The government has bowed down to pressure from people in Matabeleland regarding the recent removal of the shield from the Joshua Mqabuko Nkomo (JMN) International Airport in Bulawayo and replacing it with its Coat of Arms and Emblem without consulting stakeholders.
The development triggered spirited protests on the matter on social media.
In a climbdown, Minister of Transport and Infrastructural Development, Felix Mhona, released a statement saying the ministry regretted the “hasty removal of the signage at JMN Nkomo international airport without notifying all the stakeholders.”
The minister also said the ministry had flighted tender advertisements for new signage that incorporated stakeholders’ concerns, adding the government’s Coat of Arms emblem branded on the current signage was temporary.
“Wider consultations are ongoing on the best signage which will factor in regional sentiments and desires,” Mhona said.
The Ndebele shield, knobkerrie and spear were part of the signage at the airport, which were traditional African weapons used by warriors in battle. The weapons were used in one some of the decisive battles such as the Matabele War of 1893 and the first Umvukela of 1896.
These three weapons have remained a part of the cultural fabric of the region with various institutions including schools adopting them as part of their logos.
After the shield’s removal was brought to light by CITE, activists made an uproar, accusing the government of looking down upon the Ndebele culture while academics also noted the removal of the shield opened up questions on whether Zimbabwe was a nation or is dominated by one ethnic group.
But locals have questioned when the tendering process was opened, as this was their first time to learn about it.
“Have they announced the tendering process local to the airport? Secondly, how many local participants applied through the tendering process?” asked one twitter user on CITE’s platform.
What also puzzled people was the minister sentiments’ when he said, “for the record,” the previous signage was done, “as a temporary measure following the upgrading of the airport and its commissioning in 2013.”
“The Architect, Studio Arts, came up with a number of designs from the airport signage. Consultations were done with the Nkomo Family Trust, Culture practitioners within the region, CAAZ, Ministry of Transport and Infrastructural development and Cabinet on the matter,” said the minister, adding concerns had been raised about the poor quality of the signage that had the shield.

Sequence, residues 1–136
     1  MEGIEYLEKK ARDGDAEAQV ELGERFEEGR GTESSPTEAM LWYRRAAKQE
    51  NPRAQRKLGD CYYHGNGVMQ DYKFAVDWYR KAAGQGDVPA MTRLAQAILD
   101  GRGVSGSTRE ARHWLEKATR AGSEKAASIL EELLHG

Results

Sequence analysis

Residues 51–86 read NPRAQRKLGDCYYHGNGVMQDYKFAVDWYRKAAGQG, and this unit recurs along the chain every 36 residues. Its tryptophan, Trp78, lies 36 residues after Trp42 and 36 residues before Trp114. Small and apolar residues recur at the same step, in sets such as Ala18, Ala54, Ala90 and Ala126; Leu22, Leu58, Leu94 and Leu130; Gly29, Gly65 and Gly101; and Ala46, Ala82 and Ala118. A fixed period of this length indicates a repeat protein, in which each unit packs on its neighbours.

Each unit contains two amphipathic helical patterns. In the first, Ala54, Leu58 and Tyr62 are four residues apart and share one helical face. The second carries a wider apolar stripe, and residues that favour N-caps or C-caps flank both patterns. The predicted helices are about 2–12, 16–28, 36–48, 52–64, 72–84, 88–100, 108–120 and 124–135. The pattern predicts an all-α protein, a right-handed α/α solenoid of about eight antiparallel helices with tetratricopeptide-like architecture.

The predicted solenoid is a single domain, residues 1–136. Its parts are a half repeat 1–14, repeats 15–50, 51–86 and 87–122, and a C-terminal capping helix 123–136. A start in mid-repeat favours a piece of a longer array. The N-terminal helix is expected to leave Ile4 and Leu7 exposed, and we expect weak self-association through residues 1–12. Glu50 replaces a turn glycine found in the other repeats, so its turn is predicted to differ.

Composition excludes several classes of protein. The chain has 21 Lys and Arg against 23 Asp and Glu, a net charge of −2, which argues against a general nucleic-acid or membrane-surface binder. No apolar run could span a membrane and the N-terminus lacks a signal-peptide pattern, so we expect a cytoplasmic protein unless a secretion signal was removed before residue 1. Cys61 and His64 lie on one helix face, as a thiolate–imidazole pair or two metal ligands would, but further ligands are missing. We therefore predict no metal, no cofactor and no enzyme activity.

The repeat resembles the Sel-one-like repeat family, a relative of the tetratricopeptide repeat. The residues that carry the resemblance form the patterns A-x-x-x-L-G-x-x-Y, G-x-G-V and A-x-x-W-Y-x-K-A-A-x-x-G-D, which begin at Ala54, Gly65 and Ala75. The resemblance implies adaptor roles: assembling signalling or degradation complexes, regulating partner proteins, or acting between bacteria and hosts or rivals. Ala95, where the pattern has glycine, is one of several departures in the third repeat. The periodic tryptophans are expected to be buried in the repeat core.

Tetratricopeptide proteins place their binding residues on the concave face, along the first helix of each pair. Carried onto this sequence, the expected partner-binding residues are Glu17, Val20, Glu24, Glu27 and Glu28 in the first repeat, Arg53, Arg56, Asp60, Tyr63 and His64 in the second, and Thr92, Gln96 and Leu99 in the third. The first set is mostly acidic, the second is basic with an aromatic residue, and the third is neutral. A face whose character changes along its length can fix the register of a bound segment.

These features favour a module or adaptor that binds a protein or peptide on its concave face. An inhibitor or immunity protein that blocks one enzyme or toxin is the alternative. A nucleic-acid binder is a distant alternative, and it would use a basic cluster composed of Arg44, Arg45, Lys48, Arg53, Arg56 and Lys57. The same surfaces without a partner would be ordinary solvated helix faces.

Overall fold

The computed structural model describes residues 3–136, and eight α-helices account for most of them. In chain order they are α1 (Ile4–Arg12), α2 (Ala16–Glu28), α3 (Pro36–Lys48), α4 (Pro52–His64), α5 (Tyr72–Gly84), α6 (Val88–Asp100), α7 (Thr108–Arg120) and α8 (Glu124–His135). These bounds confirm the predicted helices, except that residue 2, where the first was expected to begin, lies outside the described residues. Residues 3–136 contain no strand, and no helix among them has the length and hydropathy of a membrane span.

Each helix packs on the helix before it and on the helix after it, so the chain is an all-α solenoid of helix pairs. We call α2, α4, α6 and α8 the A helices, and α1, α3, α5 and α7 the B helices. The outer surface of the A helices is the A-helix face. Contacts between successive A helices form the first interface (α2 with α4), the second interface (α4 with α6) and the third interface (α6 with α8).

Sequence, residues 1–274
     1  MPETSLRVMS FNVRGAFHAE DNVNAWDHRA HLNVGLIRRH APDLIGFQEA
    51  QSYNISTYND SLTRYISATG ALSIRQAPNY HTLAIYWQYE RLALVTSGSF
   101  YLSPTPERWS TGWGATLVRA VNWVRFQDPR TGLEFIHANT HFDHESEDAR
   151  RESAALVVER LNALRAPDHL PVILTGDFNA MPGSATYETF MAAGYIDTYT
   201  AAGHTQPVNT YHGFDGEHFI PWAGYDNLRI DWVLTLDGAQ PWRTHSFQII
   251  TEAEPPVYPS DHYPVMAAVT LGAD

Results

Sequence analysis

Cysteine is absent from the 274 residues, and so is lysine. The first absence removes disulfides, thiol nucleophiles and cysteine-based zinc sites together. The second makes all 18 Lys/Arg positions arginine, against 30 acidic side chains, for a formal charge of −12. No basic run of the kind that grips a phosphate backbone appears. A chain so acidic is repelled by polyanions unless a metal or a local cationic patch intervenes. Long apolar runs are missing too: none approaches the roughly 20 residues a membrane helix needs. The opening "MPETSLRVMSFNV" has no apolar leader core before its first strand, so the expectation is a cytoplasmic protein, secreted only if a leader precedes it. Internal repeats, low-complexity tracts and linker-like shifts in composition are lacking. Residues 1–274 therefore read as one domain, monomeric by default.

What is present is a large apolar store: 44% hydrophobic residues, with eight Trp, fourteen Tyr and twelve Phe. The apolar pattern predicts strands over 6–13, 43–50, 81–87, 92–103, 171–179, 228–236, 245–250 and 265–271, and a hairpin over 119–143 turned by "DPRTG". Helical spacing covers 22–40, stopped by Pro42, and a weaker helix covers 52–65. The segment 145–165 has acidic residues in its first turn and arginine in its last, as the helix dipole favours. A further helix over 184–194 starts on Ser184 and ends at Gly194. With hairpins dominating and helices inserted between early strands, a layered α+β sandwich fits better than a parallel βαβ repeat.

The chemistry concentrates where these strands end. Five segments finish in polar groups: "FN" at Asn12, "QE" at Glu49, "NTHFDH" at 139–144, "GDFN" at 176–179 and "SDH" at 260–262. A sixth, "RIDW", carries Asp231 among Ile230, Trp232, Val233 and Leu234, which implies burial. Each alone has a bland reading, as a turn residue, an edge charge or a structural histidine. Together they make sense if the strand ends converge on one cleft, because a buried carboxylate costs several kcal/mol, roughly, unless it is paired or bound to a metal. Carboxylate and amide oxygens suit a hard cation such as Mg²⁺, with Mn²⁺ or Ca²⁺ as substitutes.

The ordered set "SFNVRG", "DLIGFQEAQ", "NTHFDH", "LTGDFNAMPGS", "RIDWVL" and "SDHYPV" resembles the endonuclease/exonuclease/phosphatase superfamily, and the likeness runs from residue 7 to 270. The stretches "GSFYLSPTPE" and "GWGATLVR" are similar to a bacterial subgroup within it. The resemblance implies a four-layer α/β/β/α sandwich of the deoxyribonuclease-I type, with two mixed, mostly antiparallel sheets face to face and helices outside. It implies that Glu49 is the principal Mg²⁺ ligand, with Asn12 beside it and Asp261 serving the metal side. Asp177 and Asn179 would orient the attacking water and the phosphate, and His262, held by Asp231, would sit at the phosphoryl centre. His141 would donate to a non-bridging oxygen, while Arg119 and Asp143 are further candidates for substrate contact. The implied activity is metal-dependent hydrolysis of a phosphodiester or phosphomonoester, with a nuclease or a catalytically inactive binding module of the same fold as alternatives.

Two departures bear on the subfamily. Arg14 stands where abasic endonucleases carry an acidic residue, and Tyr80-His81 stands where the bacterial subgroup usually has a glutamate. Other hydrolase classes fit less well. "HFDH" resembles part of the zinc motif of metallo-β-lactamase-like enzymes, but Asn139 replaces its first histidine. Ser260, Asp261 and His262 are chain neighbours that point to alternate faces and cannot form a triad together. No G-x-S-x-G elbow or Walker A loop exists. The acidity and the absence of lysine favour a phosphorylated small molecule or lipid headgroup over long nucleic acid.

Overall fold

“There has, however, been concerns by stakeholders on the poor quality and workmanship of the temporary signage since 2015,” said the minister.
Still activists were not convinced, saying if this had been the case, authorities should have kept the shield until a better design was unveiled.
In an interview with CITE, head of the Joshua Nkomo family, also ZAPU leader, Sibangilizwe Nkomo, said it was wise for the government to acknowledge its mistakes on removing the cultural shield and correct them.
“The government did not consult the family; that is a lie. I am the head of the Joshua Nkomo family. I did not see anyone from the government or from ACZ. What they are saying as a defence, has no sense. How can they say the shield was temporary for all this time? They are just embarrassed that what they were trying to do has failed,” he said.
Nkomo added that the tender process, announced by the minister, must be transparent and be open for locals who knew what was best.
“They should consult stakeholders and make that tender available for locals,” said the ZAPU leader.
Nevertheless, the transport minister noted that when Civil Aviation Authority of Zimbabwe (CAAZ) split into both a Regulator and Operator, it gave rise to the formation of a new company the Airports Company of Zimbabwe (ACZ), which assumed the responsibility for the operations and management of all airports, JMN included.
“ACZ has since then been seized with the matter of improved signage at all our airports and has gone on to erect new signage with the government of Zimbabwe Coat of Arms as a temporary measure,” Mhona said.
“The Ministry of Transport and Infrastructural Development would like to inform the nation that it is committed to proper signage at all our airports in line with the International Civil Aviation Organisation (ICAO) standards. In this regard the Airports Company of Zimbabwe (ACZ) continues to carry out its mandate of making sure proper signage at all airports to ICAO standards.”